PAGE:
The Washington Post Press Items
Why now? The answer goes beyond last year's election returns. In 2006, New York City Mayor Michael Bloomberg created an Economic Opportunity Commission and charged it with developing strategies to expand opportunity and reduce poverty. The U.S. Conference of Mayors established a Task Force on Poverty, Work and Opportunity, led by Los Angeles Mayor Antonio Villaraigosa. In the faith community, Catholic Charities USA and Sojourners/Call to Renewal have launched poverty reduction campaigns.
Dozens of demonstrators, many of them Christian peace activists, were arrested outside the White House late last night and early this morning as part of a protest against the war in Iraq.
About 11:30 p.m., police began handcuffing the first of about 100 protesters who had assembled on the White House sidewalk to pray in a planned act of civil disobedience.
The protesters were part of a larger group that had assembled at the Washington National Cathedral for a service on the fourth anniversary of the start of the war. From the service, demonstrators marched through the wind, cold and dampness to the White House.
Several thousand Christian peace activists plan to march on the White House tonight to demonstrate their opposition to the war in Iraq, organizers said yesterday.
The event is sponsored by the District-based Sojourners/Call to Renewal, a progressive religious group, along with the American Friends Service Committee, Lutheran Peace Fellowship, Sisters of Mercy of the Americas, and more than two dozen other Protestant and Catholic groups.
Democrats and Republicans should work together to find new ways to end poverty, curb government corruption and strengthen families, Rev. Jim Wallis said Saturday. "Answering the call to lift people out of poverty will require spiritual commitment and bipartisan political leadership," Wallis, the head of the liberal Sojourners/Call to Renewal, an evangelical social justice movement, said in the weekly Democratic radio address. "Real solutions must transcend partisan politics," he said. "It is time to find common ground by moving to higher ground." President Bush has signaled his readiness to consider Democratic priorities such as a federal minimum-wage increase with certain amendments and to find compromise on renewing the No Child Left Behind education law and overhauling immigration policy.
Democrats turned to an evangelical Christian to give their weekly radio address on Saturday, citing a desire to avoid partisanship after last month's elections that gave them control of Congress. "I want to be clear that I am not speaking for the Democratic Party, but as a person of faith who feels the hunger in America for a new vision of our life together, and sees the opportunity to apply our best moral values to the urgent problems we face," the Rev. Jim Wallis said in his remarks. Wallis, author of 2005's "God's Politics: Why the Right Gets it Wrong and the Left Doesn't Get It," highlighted issues that he said required a new direction, including U.S. policy in Iraq. He also called for new efforts to combat poverty and protect the environment.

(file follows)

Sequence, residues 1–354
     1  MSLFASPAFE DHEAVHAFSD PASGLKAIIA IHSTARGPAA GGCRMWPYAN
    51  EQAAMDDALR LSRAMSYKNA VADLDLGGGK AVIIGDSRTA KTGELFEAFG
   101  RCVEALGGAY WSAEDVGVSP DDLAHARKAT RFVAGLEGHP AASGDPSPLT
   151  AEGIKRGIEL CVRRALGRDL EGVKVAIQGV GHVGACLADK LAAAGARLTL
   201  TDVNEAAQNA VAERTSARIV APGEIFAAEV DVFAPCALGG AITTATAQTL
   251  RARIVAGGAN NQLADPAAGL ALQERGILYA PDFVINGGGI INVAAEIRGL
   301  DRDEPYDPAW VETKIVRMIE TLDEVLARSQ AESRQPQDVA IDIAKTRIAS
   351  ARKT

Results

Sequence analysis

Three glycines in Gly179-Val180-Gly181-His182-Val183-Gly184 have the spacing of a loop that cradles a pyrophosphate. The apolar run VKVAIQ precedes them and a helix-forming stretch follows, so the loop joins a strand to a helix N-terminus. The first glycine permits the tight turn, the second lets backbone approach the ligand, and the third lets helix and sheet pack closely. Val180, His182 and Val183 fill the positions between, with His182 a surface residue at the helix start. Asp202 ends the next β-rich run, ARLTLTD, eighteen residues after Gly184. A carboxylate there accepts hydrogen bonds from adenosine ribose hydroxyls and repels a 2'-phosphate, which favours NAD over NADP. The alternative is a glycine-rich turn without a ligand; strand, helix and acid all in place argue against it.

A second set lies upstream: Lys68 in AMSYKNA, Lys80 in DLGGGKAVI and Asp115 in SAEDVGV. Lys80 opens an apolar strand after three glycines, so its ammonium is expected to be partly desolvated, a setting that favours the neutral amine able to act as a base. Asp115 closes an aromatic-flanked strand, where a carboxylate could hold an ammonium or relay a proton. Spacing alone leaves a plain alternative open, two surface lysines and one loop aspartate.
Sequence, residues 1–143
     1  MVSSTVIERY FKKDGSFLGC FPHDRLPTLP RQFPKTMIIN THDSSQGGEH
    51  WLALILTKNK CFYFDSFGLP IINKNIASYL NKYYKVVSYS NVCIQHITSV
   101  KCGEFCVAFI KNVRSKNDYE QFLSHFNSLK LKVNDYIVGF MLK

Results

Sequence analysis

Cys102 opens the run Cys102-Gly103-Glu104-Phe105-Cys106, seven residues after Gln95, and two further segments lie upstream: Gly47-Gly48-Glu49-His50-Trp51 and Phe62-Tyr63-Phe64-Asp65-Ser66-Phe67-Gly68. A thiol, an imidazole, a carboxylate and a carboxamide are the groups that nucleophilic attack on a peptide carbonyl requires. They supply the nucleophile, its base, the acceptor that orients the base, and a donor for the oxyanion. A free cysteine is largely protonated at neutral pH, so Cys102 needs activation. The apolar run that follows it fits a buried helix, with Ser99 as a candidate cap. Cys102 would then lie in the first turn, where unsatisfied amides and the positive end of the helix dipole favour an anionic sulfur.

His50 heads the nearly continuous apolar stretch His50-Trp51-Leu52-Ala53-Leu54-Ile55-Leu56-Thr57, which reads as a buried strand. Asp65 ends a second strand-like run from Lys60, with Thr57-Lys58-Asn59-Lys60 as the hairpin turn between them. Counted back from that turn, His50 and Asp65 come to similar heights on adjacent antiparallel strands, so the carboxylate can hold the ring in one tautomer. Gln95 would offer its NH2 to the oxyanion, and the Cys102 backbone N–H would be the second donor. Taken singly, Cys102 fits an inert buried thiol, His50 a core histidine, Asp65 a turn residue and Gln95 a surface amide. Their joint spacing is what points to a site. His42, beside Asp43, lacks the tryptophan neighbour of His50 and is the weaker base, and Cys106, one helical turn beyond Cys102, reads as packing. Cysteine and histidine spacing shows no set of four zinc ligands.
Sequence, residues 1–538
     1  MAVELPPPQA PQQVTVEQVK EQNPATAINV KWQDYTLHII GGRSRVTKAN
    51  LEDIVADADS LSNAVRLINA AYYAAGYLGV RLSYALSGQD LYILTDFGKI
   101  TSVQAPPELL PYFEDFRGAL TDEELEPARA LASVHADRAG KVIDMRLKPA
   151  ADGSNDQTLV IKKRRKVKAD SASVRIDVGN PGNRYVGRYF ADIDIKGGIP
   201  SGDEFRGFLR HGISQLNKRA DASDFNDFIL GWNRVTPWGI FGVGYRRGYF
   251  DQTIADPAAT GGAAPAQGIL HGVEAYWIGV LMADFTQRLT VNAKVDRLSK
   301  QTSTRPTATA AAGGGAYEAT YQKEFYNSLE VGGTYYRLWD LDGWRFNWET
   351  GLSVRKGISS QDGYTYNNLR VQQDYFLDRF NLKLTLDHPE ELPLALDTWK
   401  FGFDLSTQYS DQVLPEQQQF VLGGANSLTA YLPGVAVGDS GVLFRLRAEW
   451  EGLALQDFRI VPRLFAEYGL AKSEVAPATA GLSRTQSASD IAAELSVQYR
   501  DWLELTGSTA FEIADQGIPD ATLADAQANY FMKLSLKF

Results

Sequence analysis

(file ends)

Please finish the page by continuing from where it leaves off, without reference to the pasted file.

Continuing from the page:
Jim Wallis is preaching about a Bible torn apart. Wallis tells the crowd at the Seattle Pacific University chapel that when he was in seminary, a fellow student took hold of an old Bible and cut out "every single reference to the poor." "And when we were done, that Bible was literally in shreds. It was falling apart in my hands. It was a Bible full of holes. I would take it out to preach and say, 'Brothers and sisters, this is our American Bible.'"Wallis pauses. "It's like someone has stolen our faith. And when someone tries to hijack your faith, you know what? There comes a time when you have to take it back!"
In Ohio, faithful Christians on the left are working to turn the tables on the Christian right. Using the language of equality and social justice, pastors urged nearly 400 people at a Columbus church last week to vote their liberal hearts and "create a just and peaceful world." The featured speaker at Broad Street Presbyterian Church was Jim Wallis, the left-leaning author of "God's Politics" who has been urging Christian audiences around the country to fight back against social conservatives who helped create the Republican majority in Washington. He spoke of humility, reflection "and even accountability."
The Darfur appeal was backed by full-page ads in yesterday's Washington Post and other newspapers, paid for by $575,000 in donations from two individuals who wish to remain anonymous, according to Jack Pannell, spokesman for the liberal evangelical magazine Sojourners. "Without you, Mr. President, Darfur does not have a prayer," said the ads, addressing Bush.
"This is an important day. You see evangelical leaders from across the political spectrum coming together to speak as one voice," Jim Wallis, Sojourners' editor, told reporters.
Citing deep concern about the direction the U.S. government has taken in the Middle East, religious leaders are urging "the media and Congress to take a stand now" and prevent a possible preemptive attack on Iran. Evangelical Christian, Jewish and Muslim leaders held a telephone conference with reporters Tuesday to highlight their appeal for the United States to engage in direct negotiations with Iran.
In Protestant churches, the Christian Coalition's guides will face competition this year from "Voting God's Politics," a brochure produced by the liberal evangelical magazine Sojourners and the anti-poverty group Call to Renewal. Like the Common Good guide, it discusses issues, not individual candidates. "Even the term 'voter guide' has been so tainted by the religious right that people are afraid that ours is going to be just a left-wing version of theirs, a thinly camouflaged signal to vote for particular candidates," said Jim Wallis, editor of Sojourners. "Our guide levels the playing field; it makes clear that God is not a Republican or a Democrat."